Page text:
REVIEW: The One Hand #4

In The One Hand #4, a crime noir series that has no peer in the field at the moment, battered Detective Ari Nassar’s hunt for the serial killer continues apace.  Along the way, we, the audience, are tantalised with the prospect that at last, we will begin to find answers to who the killer is, and why they have embarked on their course of mayhem and slaughter.

The One Hand #4Myth, psychology, language, memory.  The One Hand #4 takes the reader by the hand, leads them into a maze, then leaves them to find their way out.  Whether they do or not doesn’t really matter.  As is ever with this marvellous series, it is the journey that counts most of all.  Comprehension comes a distant second.

Of course, The One Hand #4 tantalises, but like the mythic character, that’s all we are offered – glimpses of who and why the killer has embarked on their killing spree again.  And that’s fine – indeed, that’s part of the allure of what writer Ram V, and artist Laurence Campbell, have created with this series.  Because I have a sneaking suspicion that if and when we find out who the killer is, and what their motives are, it won’t be as satisfying as the frankly sensational build up in the series so far.  But I would be more than happy to be proven wrong.

All that said, some of the veil separating the readership from the mystery is partially pulled away, but even then, Ram V simply adds more mystery to the mystery.  Is Ari hearing voices in the hospital ward?  Are there really two people behind the wall discussing the case?  And why do we see more and more instances of the writing the murder leaves behind at each scene of the crime replicated around the city Ari polices?  Is there something in what femme fatale Helene says about being haunted by a memory that isn’t real?  And what to make of the mixture of advanced science in what is ostensibly a 1970s New York City?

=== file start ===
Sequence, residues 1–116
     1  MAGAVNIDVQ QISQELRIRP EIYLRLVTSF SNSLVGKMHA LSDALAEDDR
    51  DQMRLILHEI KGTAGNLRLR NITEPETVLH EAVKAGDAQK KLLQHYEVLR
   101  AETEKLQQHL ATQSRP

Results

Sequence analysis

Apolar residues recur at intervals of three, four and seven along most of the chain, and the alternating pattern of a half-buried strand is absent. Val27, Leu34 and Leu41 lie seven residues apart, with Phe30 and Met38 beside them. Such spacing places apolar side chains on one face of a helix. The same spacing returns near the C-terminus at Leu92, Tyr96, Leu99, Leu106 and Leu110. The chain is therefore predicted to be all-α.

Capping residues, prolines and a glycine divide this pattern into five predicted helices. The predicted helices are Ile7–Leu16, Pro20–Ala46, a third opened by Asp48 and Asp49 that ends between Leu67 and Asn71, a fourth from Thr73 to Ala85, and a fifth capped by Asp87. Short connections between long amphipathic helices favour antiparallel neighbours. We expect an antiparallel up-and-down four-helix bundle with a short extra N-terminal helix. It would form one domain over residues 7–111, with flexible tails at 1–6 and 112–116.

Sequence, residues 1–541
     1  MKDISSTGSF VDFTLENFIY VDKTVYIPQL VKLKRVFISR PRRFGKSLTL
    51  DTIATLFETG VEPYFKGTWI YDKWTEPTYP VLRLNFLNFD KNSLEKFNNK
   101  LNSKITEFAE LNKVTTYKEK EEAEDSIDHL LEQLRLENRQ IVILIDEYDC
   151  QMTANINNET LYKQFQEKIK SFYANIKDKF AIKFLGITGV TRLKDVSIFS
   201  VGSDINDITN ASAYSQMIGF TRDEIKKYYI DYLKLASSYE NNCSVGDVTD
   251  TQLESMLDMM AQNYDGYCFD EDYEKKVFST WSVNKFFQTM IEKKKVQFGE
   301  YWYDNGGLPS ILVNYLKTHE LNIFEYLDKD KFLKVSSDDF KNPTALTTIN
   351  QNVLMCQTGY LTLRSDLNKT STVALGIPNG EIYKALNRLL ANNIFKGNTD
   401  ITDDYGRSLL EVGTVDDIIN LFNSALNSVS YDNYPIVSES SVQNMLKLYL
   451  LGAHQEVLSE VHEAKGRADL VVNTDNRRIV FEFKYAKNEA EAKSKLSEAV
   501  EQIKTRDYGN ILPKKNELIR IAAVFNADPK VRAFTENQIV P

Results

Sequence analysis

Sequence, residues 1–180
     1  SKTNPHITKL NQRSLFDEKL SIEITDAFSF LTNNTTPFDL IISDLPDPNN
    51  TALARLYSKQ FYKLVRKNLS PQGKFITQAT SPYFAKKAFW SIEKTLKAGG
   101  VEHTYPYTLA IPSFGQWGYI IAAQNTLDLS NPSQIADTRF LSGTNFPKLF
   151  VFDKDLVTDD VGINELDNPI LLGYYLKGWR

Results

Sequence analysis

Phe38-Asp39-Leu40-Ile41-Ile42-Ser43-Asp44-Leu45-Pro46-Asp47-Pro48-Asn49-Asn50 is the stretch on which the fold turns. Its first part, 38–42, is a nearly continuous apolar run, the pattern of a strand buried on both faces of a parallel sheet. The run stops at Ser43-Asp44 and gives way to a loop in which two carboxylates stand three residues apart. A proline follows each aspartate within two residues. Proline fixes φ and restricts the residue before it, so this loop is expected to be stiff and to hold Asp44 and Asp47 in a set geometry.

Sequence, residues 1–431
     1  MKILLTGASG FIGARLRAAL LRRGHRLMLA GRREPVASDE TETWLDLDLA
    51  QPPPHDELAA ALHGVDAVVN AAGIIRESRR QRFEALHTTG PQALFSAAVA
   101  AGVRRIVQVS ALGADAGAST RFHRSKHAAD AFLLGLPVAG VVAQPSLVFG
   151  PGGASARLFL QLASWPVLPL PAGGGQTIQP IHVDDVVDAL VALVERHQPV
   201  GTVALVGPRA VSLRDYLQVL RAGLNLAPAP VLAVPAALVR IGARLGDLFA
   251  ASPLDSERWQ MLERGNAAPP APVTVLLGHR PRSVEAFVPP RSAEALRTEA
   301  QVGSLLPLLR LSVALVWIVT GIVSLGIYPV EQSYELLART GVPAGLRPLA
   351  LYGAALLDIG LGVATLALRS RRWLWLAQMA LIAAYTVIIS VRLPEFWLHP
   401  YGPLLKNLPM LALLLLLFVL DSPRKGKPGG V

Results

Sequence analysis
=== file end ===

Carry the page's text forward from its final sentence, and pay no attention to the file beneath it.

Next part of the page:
All these tantalising mysteries, mixed in with Campbell’s artwork, elevate The One Hand #4 from simply being a story about the hunt for a serial killer, into a real work of art that engages not just the gut emotions, but also theories about the nature of life, philosophy and what it is to be human.  Ram V has evoked not only the essentials of noir fiction – the sense of hopelessness the little guy feels against the vast, impersonal forces arrayed against them – but yokes them to a compelling story that inserts itself under the reader’s skin, and then goes for broke in burrowing ever deeper.  I’ve never really read anything like it, and lament the day the series comes to an end.

In summation, The One Hand #4 is a fantastic read.  If you just want to follow the mystery, then the writer and artist have created a world in which you can step into, and only escape with the greatest of difficulty.  But where The One Hand #4 stands out is that it isn’t simply a mystery, but an excursion into the mystery of human existence, and an even deeper examination of myth and memory.  Come for the mayhem, stay for the thoughtfulness that this series gently simmers in.

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Robert Mammone

Robert Mammone

Robert Mammone reviewed comics for two years for the Major Spoilers website and has reviewed DVD and blu ray releases for Impulse Gamer since 2013. Reviewing aside, Rob dabbles in writing genre fiction.

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